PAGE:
members of the board convened for
their weekly meeting. It was over
in less than thirty ihlnutes. Mayor
Vf. W. Cona\yay was not present,
owing to the fact that Mis. Conaway
and her daughter Mary>Jo,
are ill with diphtheria.
City Engineer Shre^sberry Miller
will report next week on the
matter of a culvert for the water
lines under the Baltimore & Ohio
tracks at the city pump station.
Mrs. Frank Stansbnry. appeared
to ask for some repairs to be made
on Gladden street. Director W., B
Arnett said he would take the matter
up in the near future.
The request of J. M. Hartley &
Sons Co. to build a passageway
between the Jacobs Buildings- and
the Jacobs-Hutchinson Building
was turned.over to Director W.<
B. Arnett, City Clerk Albert' Kern
and City Engineer, Shrewsberry
Miller with powor to-act after investigation.
Tli*an V... IIJI
'H,tD wuiiuius pri-mim were
granted as follows:
A. B. Scott, residence In Hillcrest
Addition,-to be of stucco construction;
cost $7,000,
W. L. Carpenter, jfc- business
building In the Speedway, to be
built of lumber; cost $500. .
IV. 'E. Cornell; garage and apartnent
In Virginia avenue, to be
iuilt of concrete blocks; cost $1,100.
. . . -'--w'i
Su gTri
Suspected Assailant Captured
But Not Identified-rBlood,
hounds to Take Trail.
FAIRFIELD, Tox? Dec. 11.?i
negro, believed to have attacked i
white girl at her home at Street
man this morning, has been cap
tured by a posse, but has not ye
been Identified, according to re
ports here. Excitement la hint
and hundreds ot persons are hurry
lng toward Streatman.
The girl felled positively to lden
tlfy the negro, who gave his nami
as George Gay, aa her assallan.
and he was locked up In .a smai
house under heavy guard pendlni
arrival of bloodhounds from th'
state penitentiary at Huntsville
which will be put on the. negro'!
trail. The girl's condition Is no:
serious, the negro having beer
frightened away after throwing i
sack over her head and stuffing
her mouth full ot cotton.
A mob of about 1,500 la gatherer
at Streetman.
Streets Filled with Men
| CORSCIAtU, Tex.. Dec. 11.Bloodhounds
are v being hurried
from Huntsville to Streetman tr
I take up the trallyOt a masKed qegrr
! who attacked a 20 year old White
girl at her home at Streetman this
morning. Excitement Is high al
j Streetman, and the streets;and.sur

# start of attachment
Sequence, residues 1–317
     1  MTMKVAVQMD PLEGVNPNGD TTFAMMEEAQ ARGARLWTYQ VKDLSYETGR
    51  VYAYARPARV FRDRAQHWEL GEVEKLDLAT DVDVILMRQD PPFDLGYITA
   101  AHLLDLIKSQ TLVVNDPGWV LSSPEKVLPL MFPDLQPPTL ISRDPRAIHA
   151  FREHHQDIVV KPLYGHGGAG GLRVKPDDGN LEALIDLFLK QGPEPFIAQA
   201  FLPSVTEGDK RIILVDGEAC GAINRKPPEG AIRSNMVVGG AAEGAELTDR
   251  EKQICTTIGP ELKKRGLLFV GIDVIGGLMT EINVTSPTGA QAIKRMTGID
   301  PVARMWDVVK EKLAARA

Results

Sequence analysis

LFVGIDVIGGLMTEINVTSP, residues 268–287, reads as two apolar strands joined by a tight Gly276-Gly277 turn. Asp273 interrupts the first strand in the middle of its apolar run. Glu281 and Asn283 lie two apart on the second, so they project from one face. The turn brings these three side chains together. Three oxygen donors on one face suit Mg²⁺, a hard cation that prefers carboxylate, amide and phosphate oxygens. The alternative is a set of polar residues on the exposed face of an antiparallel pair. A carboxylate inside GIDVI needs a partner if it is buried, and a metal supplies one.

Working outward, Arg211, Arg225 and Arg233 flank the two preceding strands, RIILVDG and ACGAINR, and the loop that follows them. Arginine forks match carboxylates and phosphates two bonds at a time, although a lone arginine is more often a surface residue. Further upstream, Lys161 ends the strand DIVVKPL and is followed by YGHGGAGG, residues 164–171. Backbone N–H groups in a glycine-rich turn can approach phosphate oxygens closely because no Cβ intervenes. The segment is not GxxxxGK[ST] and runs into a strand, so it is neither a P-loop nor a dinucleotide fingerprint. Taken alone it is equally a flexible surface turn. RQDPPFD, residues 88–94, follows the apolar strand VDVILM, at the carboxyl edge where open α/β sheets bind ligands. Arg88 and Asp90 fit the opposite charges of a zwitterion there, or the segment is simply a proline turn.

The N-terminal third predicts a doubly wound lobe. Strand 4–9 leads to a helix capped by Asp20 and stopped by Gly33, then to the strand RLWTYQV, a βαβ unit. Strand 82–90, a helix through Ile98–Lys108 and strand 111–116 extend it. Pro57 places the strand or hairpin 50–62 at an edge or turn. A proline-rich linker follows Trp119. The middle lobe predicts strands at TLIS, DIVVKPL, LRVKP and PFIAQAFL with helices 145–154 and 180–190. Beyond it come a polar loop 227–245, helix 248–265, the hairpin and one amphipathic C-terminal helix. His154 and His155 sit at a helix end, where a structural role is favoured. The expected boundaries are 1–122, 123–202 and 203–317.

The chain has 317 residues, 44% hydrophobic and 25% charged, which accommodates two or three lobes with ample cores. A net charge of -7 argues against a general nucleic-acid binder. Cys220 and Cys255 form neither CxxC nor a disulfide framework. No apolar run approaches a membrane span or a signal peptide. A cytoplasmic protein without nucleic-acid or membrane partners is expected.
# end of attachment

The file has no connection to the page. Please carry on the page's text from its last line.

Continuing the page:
rounding country are filled witt
armed men.
I ' Business Houses Close
r'AiitciELiU, Tex., nec. 1. ?
Business houses Is Strostm'an, i
town twenty jniW northwest )'
here, wore closed this rao?ln;
while their proprietors and em
ploycB Joined the posses organise!
following the report that a negrc
'hid -attack*) a' white girl. Free
jitono .County. ln-whlchStfeetflir
is located, hps been the aojino %l
at least thtee lynchlhgs In the past
few months. . r'
- '
LOCAL PEOPLE TO
ATTEND FUNERAL
i
I Mr. and Mrs.;Howard W. Show'alter,
Mrs. E. ,M. Showaiter and
sons, Brock and: ,Emmett and
Howard Showaiter, the latter ol
Morgantown, will leave here ic
the morning in automobiles foi
Smithfleld, Pa., where they will
attend the funeral of Mr. and
Mrs. H. C. Showaiter, parents ol
Judge E. M. and Howard Showaiter
of this city/ whose deaths occurred
last week at their home in
Kansas City, Mo.
The bqdies of Mr. and Mrs.
Showaiter will arrive at Smithfield
tomorrow mornine and wit!
be accompanied there by Judge E.
M. Showalter of this city, H. A.
Showalter of Morgantown and P.
H. Showalter of Denver, c6lo? all
of whom were at their parents'
bedside for several weeks, and
by Mrs. Ford Rogers, daughter,
of Kansas City, Mo.
The funeral will take place ut
1:30 o'-clock tomorrow from the
Baptist Church at Smithfleld, and
burial will be made in the cemetery
there, where three generations
of the family pre buried.
BELLAIRE BARBER
FACES TRIAL TODAY
f
ST. CLAIRSVTT.T.w nhi/v TW
11.?The trial ot Ed Long, feolluire
barber for the murder ji Charles
Conard, Bear Lloydsvllle, September
7, got" under way here today
wltb the selection j>f three Juror*
In the first four renlretneo called,
Progress In the selection of a jury
was then held up by a selection ol
veniremen who had fanned thrjlr
opinion on-the case. Judge Coweu
also showed a disposition to Inquire
iDto alleged discussion ot the case
by outsiders with veniremen who
had been called.
Conard, wbo operated a-taxl between
Barnesvllle, Oblo and
Wheeling, W. Va.. was killed by
Long and another whon he refused
to enter Into their plans for getting
liquor. Long was caught at Wetlsville,
Oblo, several days after the
murder and confessed his part In
It, saying he was craigd by liquor.